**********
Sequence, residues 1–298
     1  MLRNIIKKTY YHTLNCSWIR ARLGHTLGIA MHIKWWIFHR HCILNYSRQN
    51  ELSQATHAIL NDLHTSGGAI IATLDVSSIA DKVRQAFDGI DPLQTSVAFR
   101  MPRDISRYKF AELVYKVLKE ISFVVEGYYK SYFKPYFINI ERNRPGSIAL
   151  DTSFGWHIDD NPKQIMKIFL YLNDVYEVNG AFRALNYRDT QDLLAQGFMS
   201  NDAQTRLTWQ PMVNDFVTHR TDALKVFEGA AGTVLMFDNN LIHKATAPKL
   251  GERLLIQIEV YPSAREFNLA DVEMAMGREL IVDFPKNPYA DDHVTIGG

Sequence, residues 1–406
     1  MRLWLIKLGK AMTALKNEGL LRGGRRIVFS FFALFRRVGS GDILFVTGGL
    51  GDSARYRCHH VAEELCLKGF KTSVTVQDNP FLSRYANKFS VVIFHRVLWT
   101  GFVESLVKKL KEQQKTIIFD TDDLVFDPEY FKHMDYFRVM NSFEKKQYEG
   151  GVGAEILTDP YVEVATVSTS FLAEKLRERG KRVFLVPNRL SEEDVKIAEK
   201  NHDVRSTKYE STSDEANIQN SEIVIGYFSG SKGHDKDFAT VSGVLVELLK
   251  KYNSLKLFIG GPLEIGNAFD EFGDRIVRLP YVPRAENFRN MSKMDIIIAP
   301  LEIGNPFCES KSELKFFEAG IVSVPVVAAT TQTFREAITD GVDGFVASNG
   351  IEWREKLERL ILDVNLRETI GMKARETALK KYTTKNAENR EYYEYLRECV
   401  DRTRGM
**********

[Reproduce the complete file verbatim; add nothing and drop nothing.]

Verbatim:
Sequence, residues 1–298
     1  MLRNIIKKTY YHTLNCSWIR ARLGHTLGIA MHIKWWIFHR HCILNYSRQN
    51  ELSQATHAIL NDLHTSGGAI IATLDVSSIA DKVRQAFDGI DPLQTSVAFR
   101  MPRDISRYKF AELVYKVLKE ISFVVEGYYK SYFKPYFINI ERNRPGSIAL
   151  DTSFGWHIDD NPKQIMKIFL YLNDVYEVNG AFRALNYRDT QDLLAQGFMS
   201  NDAQTRLTWQ PMVNDFVTHR TDALKVFEGA AGTVLMFDNN LIHKATAPKL
   251  GERLLIQIEV YPSAREFNLA DVEMAMGREL IVDFPKNPYA DDHVTIGG

Sequence, residues 1–406
     1  MRLWLIKLGK AMTALKNEGL LRGGRRIVFS FFALFRRVGS GDILFVTGGL
    51  GDSARYRCHH VAEELCLKGF KTSVTVQDNP FLSRYANKFS VVIFHRVLWT
   101  GFVESLVKKL KEQQKTIIFD TDDLVFDPEY FKHMDYFRVM NSFEKKQYEG
   151  GVGAEILTDP YVEVATVSTS FLAEKLRERG KRVFLVPNRL SEEDVKIAEK
   201  NHDVRSTKYE STSDEANIQN SEIVIGYFSG SKGHDKDFAT VSGVLVELLK
   251  KYNSLKLFIG GPLEIGNAFD EFGDRIVRLP YVPRAENFRN MSKMDIIIAP
   301  LEIGNPFCES KSELKFFEAG IVSVPVVAAT TQTFREAITD GVDGFVASNG
   351  IEWREKLERL ILDVNLRETI GMKARETALK KYTTKNAENR EYYEYLRECV
   401  DRTRGM